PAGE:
Wednesday, February 13, 2008

Nonprofit Finance Fund Compiles Economic Data for Nonprofits During Recessionary Times

The Nonprofit Finance Fund today released data and recommendations advising nonprofits on how to survive during periods of recession.  The data were obtained for the years 2001-2005.  NFF's five recommendations are listed below.  For charts summarizing data from the study, see here.

FIVE RECOMMENDATIONS FOR NONPROFITS IN A RECESSION

1. Nonprofits heading into recession need to avoid “strong, silent behavior” and sustained spending, which has been a hallmark of the industry for more than a decade, and continues to make nonprofits weaker, not stronger. Miller explained: “We are entering a period of financial crisis, and we can’t afford to ‘fake it until we make it.’ This heroic type of behavior does no one any good in the long run. Nonprofits need to share worries with boards and funders, and enlist their support in getting ready for a possible recession. Organizations need to try to get by on decreased revenue and programmatic spending for a year or two in light of new financial indicators, before moving forward with challenging expenses.”

2. Nonprofits should engage with board members and funders in contingency planning on what is likely to happen to clients and funders during a recession. Clara Miller said: “The end clients are especially important, and face the greatest risk: many of the populations served by nonprofits are fragile, needy people, whose need increases in times of financial stress. The goal of surviving a recession or economic recession is not to stay afloat for the sake of staying in business, but rather to make sure you’re around to keep serving the public, particularly in times of increased demand for services. It’s important to get board members and funders to go public with that message -- that the organization’s survival is important because of the clients it serves.”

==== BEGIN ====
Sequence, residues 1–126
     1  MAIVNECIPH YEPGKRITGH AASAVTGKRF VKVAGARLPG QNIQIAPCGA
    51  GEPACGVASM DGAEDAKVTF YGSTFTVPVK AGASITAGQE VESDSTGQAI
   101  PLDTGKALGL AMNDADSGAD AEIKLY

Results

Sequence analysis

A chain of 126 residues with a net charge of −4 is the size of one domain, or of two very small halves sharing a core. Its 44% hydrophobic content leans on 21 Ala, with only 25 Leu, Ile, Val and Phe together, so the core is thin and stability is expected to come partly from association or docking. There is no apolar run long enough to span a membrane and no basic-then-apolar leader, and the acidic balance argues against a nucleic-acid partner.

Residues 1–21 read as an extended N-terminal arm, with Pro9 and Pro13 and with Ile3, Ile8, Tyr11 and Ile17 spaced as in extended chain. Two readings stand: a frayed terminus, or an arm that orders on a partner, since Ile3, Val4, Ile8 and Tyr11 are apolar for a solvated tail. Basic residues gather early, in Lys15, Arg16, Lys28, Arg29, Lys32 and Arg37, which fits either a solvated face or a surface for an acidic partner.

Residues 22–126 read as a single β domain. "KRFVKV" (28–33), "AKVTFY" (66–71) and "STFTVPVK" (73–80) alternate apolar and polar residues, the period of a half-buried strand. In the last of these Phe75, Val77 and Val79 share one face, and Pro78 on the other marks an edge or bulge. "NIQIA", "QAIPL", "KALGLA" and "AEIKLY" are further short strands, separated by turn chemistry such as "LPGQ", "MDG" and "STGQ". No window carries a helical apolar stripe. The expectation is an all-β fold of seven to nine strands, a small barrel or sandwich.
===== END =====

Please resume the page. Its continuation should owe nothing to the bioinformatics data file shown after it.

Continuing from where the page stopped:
3. Nonprofits should avoid large investments in fixed assets and infrastructure (i.e., a building purchase, new hires or expansion of services), and if change (growth or retrenchment) is likely, then nonprofits need to work with funders and board to build a cushion to allow flexibility and course corrections. Miller explained: “As economist Peter Bernstein put it, ’Risk means not having cash when you need it.’ And that is particularly true for nonprofits, which often have liquidity problems in the best of times. Liquidity becomes even more of an issue during a downturn, when there is a temptation to maintain or increase services, and hence expenses, even if revenue is declining.”

4. Nonprofits need to get a firm handle now on their revenue patterns. Clara Miller said: “Organizations can examine revenue cycles to see if they're contra-economy or not. In some cases, the revenues of nonprofits actually rise during a recession. If that's true, nonprofits can build growth funding to allow rapid expansion to meet needs. If the opposite is true, nonprofits can take actions in step with cushion-developing approaches.”

5. If they offer services (e.g., job retraining, food kitchens and housing services) that will lessen the negative impact of an economic downturn, nonprofits should approach government funders more aggressively. Clara Miller noted: “Nonprofits should propose revenue-neutral changes if the government can assist it with expansion during a recession or improving its practice within the context its mission. Nonprofits can also band together around quality-adequate pricing, and consider shared platform investigations, using already-scaled ones available.”

dkj

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